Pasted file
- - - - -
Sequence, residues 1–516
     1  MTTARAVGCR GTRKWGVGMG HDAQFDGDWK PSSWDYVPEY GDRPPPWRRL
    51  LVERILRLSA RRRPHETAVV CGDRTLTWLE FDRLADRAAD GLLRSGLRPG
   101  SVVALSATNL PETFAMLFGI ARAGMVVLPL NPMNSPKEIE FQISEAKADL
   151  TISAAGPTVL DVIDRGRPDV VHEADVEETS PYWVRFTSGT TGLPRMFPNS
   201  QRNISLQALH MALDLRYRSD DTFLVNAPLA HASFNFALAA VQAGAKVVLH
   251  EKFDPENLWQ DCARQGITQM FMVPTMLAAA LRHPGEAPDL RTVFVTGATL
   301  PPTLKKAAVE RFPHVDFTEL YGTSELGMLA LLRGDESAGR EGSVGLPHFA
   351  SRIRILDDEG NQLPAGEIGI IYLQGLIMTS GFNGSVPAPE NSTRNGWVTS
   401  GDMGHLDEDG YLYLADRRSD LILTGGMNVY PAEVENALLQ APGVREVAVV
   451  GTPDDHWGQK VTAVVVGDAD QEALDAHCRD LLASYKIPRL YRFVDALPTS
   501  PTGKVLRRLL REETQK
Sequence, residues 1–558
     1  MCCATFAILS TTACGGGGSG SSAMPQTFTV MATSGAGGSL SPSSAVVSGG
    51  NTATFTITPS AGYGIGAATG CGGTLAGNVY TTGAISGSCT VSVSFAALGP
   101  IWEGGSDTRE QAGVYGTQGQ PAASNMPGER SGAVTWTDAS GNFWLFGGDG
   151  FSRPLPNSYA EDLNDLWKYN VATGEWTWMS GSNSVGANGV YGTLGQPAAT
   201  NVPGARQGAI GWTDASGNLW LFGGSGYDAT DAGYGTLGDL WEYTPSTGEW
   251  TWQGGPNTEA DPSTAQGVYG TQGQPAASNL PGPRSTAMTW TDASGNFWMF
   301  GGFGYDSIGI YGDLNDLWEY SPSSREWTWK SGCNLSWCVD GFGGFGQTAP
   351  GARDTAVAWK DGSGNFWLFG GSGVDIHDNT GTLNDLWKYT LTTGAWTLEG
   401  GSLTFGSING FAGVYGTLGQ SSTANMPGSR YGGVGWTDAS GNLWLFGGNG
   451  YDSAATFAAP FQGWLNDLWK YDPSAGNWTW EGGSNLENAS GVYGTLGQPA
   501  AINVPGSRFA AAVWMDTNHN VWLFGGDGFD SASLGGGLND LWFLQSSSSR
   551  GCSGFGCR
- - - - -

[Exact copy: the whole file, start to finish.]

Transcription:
Sequence, residues 1–516
     1  MTTARAVGCR GTRKWGVGMG HDAQFDGDWK PSSWDYVPEY GDRPPPWRRL
    51  LVERILRLSA RRRPHETAVV CGDRTLTWLE FDRLADRAAD GLLRSGLRPG
   101  SVVALSATNL PETFAMLFGI ARAGMVVLPL NPMNSPKEIE FQISEAKADL
   151  TISAAGPTVL DVIDRGRPDV VHEADVEETS PYWVRFTSGT TGLPRMFPNS
   201  QRNISLQALH MALDLRYRSD DTFLVNAPLA HASFNFALAA VQAGAKVVLH
   251  EKFDPENLWQ DCARQGITQM FMVPTMLAAA LRHPGEAPDL RTVFVTGATL
   301  PPTLKKAAVE RFPHVDFTEL YGTSELGMLA LLRGDESAGR EGSVGLPHFA
   351  SRIRILDDEG NQLPAGEIGI IYLQGLIMTS GFNGSVPAPE NSTRNGWVTS
   401  GDMGHLDEDG YLYLADRRSD LILTGGMNVY PAEVENALLQ APGVREVAVV
   451  GTPDDHWGQK VTAVVVGDAD QEALDAHCRD LLASYKIPRL YRFVDALPTS
   501  PTGKVLRRLL REETQK
Sequence, residues 1–558
     1  MCCATFAILS TTACGGGGSG SSAMPQTFTV MATSGAGGSL SPSSAVVSGG
    51  NTATFTITPS AGYGIGAATG CGGTLAGNVY TTGAISGSCT VSVSFAALGP
   101  IWEGGSDTRE QAGVYGTQGQ PAASNMPGER SGAVTWTDAS GNFWLFGGDG
   151  FSRPLPNSYA EDLNDLWKYN VATGEWTWMS GSNSVGANGV YGTLGQPAAT
   201  NVPGARQGAI GWTDASGNLW LFGGSGYDAT DAGYGTLGDL WEYTPSTGEW
   251  TWQGGPNTEA DPSTAQGVYG TQGQPAASNL PGPRSTAMTW TDASGNFWMF
   301  GGFGYDSIGI YGDLNDLWEY SPSSREWTWK SGCNLSWCVD GFGGFGQTAP
   351  GARDTAVAWK DGSGNFWLFG GSGVDIHDNT GTLNDLWKYT LTTGAWTLEG
   401  GSLTFGSING FAGVYGTLGQ SSTANMPGSR YGGVGWTDAS GNLWLFGGNG
   451  YDSAATFAAP FQGWLNDLWK YDPSAGNWTW EGGSNLENAS GVYGTLGQPA
   501  AINVPGSRFA AAVWMDTNHN VWLFGGDGFD SASLGGGLND LWFLQSSSSR
   551  GCSGFGCR